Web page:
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Uluru

Mt. Uluru - Ayers Rock

Ayers Rock (Mount Uluru) is believed to have had its beginnings in the Precambrian era about 550 million years ago. Enormous mountain ranges were pushed up then eroded away over the next 200 million years, leaving the Mann, Musgrave and Petermann Ranges in Central Australia.

The sediments from these ranges was laid down on the Amadeus Basin, and further earth movements about 300 million years ago and an erosion process that continues even now at a very slow rate, began to create the spectacular features we see today.

Consisting of Arkose, a course-grained sandstone rich in the mineral feldspar, Ayers Rock (Mount Uluru) achieves its famous red colour and flaky surface from the chemical decay of minerals and mechanical erosion. The characteristic rusty colour of the exposed surface of these flakes is just that rust. It is caused by the oxidation or rusting of the iron in the arkose. The fresh arkose is a grey colour.

The sculptured shapes of the Rock are a combination of mechanical erosion and other events such as chemical changes caused by moisture. One of the geologic sites is a pattern known as "The Brain", sacred to the local Pitjantjatjara people. "The Brain" was one of the most prominent features exposed to the sunrise and definately warranted a snap.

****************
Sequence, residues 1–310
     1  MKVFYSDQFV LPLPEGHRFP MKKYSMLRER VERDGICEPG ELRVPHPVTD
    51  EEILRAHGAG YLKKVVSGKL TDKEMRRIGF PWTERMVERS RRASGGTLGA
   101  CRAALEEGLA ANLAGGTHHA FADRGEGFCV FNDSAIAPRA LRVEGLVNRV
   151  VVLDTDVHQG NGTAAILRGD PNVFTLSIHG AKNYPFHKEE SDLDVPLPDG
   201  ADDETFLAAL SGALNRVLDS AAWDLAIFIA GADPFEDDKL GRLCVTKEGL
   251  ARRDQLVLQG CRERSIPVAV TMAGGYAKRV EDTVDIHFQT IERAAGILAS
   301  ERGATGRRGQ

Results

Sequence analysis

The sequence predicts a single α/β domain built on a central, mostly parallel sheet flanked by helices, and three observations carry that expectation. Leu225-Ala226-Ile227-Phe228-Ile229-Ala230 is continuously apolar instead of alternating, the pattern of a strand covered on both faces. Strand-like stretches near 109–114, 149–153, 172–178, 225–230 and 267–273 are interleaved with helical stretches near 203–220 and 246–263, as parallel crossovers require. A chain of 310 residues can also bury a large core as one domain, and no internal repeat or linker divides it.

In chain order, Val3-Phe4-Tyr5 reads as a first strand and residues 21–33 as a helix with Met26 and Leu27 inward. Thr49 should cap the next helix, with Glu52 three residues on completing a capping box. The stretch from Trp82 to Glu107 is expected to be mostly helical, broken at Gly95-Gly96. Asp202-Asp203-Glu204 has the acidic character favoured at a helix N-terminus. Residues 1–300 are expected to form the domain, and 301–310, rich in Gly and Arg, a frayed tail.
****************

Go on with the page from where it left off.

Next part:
Ayers Rock (Mount Uluru), the world's largest monolith and an Aboriginal sacred site is Australia's most famous natural landmark. Visitors may wish to make the tough 1.6km ascent to the top or take a walking tour around the rock with an aboriginal guide , learning about its fascinating with the Uluru people and its importance in dreamtime legend. The photo on the left shows the steep incline that one must overcome to reach the top. The photo on the right show tourists attempting the ascent.

Rising 862.5 metres above sea level (345 metres above the ground), Ayers Rock covers an area of 3.33 square kilometers. It has a circumference of 9.4 kilometres, a maximum width of 2.0 kilometres and a maximum length of 3.1 kilometres.

The first white person to reach and climb the Rock was William Christie Gosse in 1873. He named it after Sir Henry Ayers, then Chief Secretary and later Premier of South Australia. Aboriginal people are believed to have lived around Ayers Rock for several thousand years, and their name for Ayers Rock, "Uluru" is simply a place name without any special meaning.

This world heritage area is owned by the Anangu, the traditional landholders of the region. It is one of the most powerful parts of Aboriginal 'Tjukurrpa' (mythology), with many 'dreamings' centering on Uluru.

Changing colour throughout the day, Uluru at sunrise and sunset is astonishing. Below is a series of shots taken during sunrise, over a period of about 20 minutes.

Photo 1

Photo 2

Photo 3

Photo 4

Photo 5

Photo 6

Photo 7

Photo 8

Admittedly, the photos above don't do it justice. To fully appreciate Ayers Rock (Mount Uluru), nothing equates to actually being there, an aspiration both Chinook and I intended to fulfill during our trip Up the Middle, Down Under.


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